(ARA) – Are you among the millions of American homeowners who financed a home with an adjustable rate mortgage (ARM) loan? ARM loans account for about 24 percent of all mortgage loans in America. But these types of loans were not the best decision for every homeowner.
Typically, ARM loans offer a lower fixed rate in the early stages of the loan, and then adjust or ‘reset’ to a rate in line with current market conditions. This happens after a period of time agreed to by the homeowner at the time the loan is made — usually one, two, three, five or seven years. These loans may be a great choice for you if you expect to move after only a few years in the home, or expect your income to climb significantly before the loan readjusts.
However, if homeowners decide not to leave their homes, their incomes don’t increase as much as expected, or they have large, unexpected expenses come up, they may find that they can’t manage their higher mortgage payment. It is easy for many ARM homeowners to forget that their mortgage will readjust. And due to the record rate of ARM loans made over the past few years, many Americans may be surprised by this adjustment in the very near future.
Thousands of homeowners are concerned about their ARM loans, and are turning to their lenders or third-party nonprofit organizations such as the Homeownership Preservation Foundation for help.
So if you have an ARM mortgage, what can you expect? And what can you do to make sure your payments stay affordable? Colleen Hernandez, president and executive director of the Homeownership Preservation Foundation, offers the following advice:
- Find your mortgage contract. Your contract should clearly spell out the terms under which your loan will adjust, and when to expect that adjustment.
- Avoid being surprised. Lenders must inform you before your rates adjust and your payments change, but this may not give you enough time to adjust your personal budget to meet the higher payment. Ask your lender the details of when the loan will adjust and how much more you will be paying per month. ‘Being prepared well in advance for that higher payment increases the options available to you, and may make the difference between saving your home and losing it,’ says Hernandez.
- Look at your budget. Once you learn how much your payment will adjust, take a hard look at your entire financial picture. Can you afford this payment easily? Has your situation changed to make it close to impossible for you to avoid missing payments?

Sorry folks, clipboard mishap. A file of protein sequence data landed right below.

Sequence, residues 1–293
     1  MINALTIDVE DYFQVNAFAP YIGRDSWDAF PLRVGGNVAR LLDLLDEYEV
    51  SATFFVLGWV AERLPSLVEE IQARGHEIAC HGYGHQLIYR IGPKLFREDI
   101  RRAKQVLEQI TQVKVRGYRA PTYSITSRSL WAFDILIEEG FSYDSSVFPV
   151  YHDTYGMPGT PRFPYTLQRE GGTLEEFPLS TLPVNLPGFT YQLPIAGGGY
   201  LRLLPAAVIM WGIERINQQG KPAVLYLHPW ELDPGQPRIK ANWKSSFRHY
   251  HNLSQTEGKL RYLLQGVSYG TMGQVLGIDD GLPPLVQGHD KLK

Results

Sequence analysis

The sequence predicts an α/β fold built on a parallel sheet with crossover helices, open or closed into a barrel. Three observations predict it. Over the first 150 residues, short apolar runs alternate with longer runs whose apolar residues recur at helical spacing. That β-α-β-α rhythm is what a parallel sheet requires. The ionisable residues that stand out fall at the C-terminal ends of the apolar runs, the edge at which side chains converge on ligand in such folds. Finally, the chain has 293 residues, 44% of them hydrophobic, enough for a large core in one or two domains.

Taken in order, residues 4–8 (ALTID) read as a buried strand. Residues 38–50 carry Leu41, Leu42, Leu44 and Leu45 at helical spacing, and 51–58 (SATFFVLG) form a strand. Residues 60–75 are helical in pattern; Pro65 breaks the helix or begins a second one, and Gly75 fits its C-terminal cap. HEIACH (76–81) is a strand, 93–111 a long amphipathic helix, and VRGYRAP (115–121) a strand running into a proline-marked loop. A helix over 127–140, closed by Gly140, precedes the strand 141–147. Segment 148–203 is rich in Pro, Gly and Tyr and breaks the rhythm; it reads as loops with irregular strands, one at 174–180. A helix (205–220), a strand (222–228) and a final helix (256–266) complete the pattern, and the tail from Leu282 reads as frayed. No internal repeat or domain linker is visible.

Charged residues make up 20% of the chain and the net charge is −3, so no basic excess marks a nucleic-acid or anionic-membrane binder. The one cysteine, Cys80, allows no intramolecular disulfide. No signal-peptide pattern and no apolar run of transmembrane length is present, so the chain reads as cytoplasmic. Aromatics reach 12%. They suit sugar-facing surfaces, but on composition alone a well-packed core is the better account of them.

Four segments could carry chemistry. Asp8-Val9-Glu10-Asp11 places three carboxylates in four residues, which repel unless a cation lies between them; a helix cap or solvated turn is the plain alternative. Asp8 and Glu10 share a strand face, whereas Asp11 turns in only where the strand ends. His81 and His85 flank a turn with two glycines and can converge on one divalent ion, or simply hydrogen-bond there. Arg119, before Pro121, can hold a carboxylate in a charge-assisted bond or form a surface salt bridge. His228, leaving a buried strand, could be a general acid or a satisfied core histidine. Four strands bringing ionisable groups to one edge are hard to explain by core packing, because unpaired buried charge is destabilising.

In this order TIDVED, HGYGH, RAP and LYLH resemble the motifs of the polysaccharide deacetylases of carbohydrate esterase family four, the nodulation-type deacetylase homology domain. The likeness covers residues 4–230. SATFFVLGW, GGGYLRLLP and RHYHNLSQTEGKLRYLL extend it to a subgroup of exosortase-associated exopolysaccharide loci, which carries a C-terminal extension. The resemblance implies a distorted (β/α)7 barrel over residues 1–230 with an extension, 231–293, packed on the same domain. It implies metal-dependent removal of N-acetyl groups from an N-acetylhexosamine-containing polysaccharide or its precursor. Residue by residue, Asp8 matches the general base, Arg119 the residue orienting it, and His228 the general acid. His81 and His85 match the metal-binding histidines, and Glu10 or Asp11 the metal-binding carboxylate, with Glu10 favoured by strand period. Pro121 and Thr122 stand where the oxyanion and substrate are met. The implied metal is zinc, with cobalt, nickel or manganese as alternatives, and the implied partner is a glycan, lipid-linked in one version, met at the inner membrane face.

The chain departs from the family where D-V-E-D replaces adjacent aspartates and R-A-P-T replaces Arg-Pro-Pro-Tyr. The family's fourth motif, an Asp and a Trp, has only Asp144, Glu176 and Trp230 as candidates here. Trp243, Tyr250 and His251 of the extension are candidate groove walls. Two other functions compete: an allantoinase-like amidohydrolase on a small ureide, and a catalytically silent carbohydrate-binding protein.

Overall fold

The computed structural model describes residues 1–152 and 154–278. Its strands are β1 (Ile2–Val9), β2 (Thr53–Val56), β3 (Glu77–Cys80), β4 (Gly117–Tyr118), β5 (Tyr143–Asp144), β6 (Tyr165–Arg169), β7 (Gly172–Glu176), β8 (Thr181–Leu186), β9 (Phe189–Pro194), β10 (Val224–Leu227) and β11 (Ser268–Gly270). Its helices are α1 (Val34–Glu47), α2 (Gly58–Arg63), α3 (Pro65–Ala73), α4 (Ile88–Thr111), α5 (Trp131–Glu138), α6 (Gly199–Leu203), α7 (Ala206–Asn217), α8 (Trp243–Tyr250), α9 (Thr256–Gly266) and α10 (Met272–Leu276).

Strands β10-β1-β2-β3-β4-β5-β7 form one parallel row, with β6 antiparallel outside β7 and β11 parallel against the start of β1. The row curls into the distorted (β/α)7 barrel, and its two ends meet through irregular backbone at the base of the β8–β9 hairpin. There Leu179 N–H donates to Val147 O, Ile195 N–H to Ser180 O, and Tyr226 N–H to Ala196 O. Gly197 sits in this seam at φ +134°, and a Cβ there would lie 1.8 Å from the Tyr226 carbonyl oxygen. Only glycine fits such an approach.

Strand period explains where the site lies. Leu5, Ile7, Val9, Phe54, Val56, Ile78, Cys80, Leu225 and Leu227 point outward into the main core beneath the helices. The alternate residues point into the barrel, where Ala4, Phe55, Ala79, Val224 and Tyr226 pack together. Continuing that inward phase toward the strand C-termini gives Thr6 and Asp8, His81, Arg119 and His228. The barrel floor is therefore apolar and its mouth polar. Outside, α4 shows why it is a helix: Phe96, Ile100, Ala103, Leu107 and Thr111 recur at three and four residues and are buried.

- Work with your lender. If you find that your new payment is more than you can or want to handle, or even if you have already missed some payments, you can work with your lender to determine what your options are. ‘Despite myths to the contrary, it is in your lender’s best interest to keep you in your home,’ advises Hernandez. ‘Your lender may be able to help you refinance your loan, offer a manageable repayment plan or one-time grant, or take other steps to help you continue to make your payments. Be prepared to share the details of your financial situation in an honest, straightforward way. The more your lender knows about your budget, the more options he or she can suggest to help you stay in your home.’
- Get counseling. If you are unable or unwilling to work with your lender, third-party foreclosure prevention counseling can help you create a plan to help resolve your financial problems. Look for a nonprofit counseling agency that offers all of their services at no cost — not just a one-time free consultation. For example, the Homeownership Preservation Foundation offers free, HUD-certified foreclosure prevention counseling toll-free at (888) 995-HOPE or online at www.995HOPE.org
The bottom line? Know when your ARM is going to reset as early as possible and plan accordingly. The earlier you prepare, the more options are available to you, and the easier it will be to stay in your home.
Courtesy of ARA Content